In addition to the 36 attorneys general, a growing chorus of government officials and members of Congress are rightly voicing their concern about Google.

Representative Mary Bono Mack (R-Calif.) has already said that she will ask Google representatives to return to Capitol Hill to explain the company's latest privacy violations.

Unfortunately, it's easy to imagine Google yet again providing elected officials with another round of obfuscation that attempts to dismiss the problem.

Time and again, Google Executive Chairman Eric Schmidt and other company officials have brushed off critical questions with some version of this answer: "It's too technical. You wouldn't understand."

This lame appeal to technical functionality is extremely dangerous for the tech industry at large. It challenges government to developing new industry-wide rules that could include cumbersome oversight. Such a regulatory scheme could broadly stifle innovation, if applied overzealously, and it conveniently deflects attention away from Google.

If given honest and accurate information about how much of their private information is being harvested by Google and how that information is being used, American consumers can decide which technologies are best suited for them.

Unfortunately, Google has proven time and again that if left alone, the company cannot be trusted to be open and transparent with their customers.

What, then, can consumers and government do that will improve online privacy protections without over-regulating the Internet?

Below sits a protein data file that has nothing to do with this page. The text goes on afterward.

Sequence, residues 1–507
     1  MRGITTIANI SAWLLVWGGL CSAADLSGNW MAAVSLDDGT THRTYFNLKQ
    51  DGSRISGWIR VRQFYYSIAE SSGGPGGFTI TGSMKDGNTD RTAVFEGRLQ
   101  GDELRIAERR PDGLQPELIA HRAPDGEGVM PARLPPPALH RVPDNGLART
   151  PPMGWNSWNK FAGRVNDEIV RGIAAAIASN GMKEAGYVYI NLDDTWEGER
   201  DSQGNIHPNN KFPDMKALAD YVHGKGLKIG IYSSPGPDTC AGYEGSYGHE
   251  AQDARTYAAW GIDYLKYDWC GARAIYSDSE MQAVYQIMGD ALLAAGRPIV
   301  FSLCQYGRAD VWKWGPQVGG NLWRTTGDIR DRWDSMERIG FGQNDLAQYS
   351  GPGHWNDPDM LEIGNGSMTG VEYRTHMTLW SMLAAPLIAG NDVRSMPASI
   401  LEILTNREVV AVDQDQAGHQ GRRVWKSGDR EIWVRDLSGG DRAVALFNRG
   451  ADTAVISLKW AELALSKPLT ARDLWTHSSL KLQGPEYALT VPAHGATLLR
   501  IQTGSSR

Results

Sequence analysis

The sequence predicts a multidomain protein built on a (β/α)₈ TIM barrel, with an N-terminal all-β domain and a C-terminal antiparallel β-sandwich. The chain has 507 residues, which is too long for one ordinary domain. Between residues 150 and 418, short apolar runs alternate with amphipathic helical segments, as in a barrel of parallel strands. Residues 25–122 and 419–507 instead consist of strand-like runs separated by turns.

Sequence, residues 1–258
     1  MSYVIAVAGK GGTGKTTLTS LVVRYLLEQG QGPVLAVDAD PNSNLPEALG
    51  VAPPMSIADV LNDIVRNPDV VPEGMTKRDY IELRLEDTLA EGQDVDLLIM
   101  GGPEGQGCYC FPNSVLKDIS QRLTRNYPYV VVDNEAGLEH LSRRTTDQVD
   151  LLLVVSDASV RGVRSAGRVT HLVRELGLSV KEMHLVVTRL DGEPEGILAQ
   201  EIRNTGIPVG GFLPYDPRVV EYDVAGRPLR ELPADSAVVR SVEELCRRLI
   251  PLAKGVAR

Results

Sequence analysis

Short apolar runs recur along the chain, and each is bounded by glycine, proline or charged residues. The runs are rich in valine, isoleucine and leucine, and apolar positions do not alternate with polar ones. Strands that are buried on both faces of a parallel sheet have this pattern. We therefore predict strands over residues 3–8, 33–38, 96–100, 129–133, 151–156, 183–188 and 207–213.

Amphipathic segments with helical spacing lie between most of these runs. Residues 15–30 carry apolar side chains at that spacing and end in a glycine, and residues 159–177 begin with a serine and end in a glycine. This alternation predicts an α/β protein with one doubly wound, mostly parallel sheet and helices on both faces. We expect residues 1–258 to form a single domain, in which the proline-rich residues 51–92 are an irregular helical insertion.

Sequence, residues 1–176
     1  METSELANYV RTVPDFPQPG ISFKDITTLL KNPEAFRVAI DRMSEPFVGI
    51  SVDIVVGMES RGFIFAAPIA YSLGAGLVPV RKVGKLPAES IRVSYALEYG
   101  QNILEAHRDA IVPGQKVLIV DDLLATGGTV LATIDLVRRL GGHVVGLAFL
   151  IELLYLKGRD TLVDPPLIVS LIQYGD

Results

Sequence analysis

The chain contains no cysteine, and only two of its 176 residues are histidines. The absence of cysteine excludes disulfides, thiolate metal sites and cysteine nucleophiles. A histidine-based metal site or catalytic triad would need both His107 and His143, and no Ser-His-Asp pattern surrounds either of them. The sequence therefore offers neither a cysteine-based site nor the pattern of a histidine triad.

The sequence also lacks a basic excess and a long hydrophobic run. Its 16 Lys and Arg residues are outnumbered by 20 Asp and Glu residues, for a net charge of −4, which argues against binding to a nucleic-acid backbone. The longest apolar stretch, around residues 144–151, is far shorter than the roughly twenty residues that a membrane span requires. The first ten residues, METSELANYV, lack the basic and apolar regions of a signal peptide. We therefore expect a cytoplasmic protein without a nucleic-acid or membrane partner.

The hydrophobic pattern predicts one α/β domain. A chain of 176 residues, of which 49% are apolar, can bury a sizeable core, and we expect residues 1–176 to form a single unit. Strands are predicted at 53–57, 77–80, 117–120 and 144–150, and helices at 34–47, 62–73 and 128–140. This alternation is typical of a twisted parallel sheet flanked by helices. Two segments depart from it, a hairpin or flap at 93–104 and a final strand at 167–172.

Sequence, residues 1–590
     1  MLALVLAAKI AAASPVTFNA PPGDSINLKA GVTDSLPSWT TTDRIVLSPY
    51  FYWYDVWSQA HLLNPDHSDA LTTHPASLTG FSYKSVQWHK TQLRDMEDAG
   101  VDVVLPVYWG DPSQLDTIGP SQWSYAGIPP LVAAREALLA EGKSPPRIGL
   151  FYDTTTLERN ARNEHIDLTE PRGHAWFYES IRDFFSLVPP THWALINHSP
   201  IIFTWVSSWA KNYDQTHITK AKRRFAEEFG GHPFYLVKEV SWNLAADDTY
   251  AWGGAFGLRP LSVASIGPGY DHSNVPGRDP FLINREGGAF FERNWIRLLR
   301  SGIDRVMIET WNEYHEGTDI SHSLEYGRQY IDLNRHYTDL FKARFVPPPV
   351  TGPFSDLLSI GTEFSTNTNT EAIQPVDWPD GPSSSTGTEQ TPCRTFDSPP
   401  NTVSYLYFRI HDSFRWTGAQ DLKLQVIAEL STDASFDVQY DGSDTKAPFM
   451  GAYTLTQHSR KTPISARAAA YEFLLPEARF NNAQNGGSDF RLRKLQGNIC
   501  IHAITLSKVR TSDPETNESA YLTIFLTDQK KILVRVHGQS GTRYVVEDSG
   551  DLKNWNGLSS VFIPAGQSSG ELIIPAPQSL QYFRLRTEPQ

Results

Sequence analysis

First and foremost, government needs to use current law and regulatory enforcement that truly works. Penalties against Google have not been sufficient to change its behavior, so tougher penalties should be enforced. These penalties -- including tight oversight -- should be focused on the single corporate perpetrator -- Google -- not the tech industry or the Internet at large. Maybe Google should be banned from collecting any online consumer information until the company can abide by its own stated privacy policies.

Consumers must also remain vigilant. They need to raise their concerns with their elected officials and, if possible, even take their business elsewhere.

Unfortunately, Google dominates so much Internet traffic that it remains virtually impossible to fully escape its reach. -- That's why we need complete answers by Google to explain the extent of their data collection methods across the web and how the information is used to target consumers for ads.

To get these answers, lawmakers should demand that Google executives appear before Congress and testify under oath. Then U.S. consumers can make informed decisions about how much of their private information is being collected by Google and how it is being used.

American consumers need the facts so they can be responsible for protecting themselves online.

Steve Pociask is president of the American Consumer Institute Center for Citizen Research, a non-profit educational and research institute.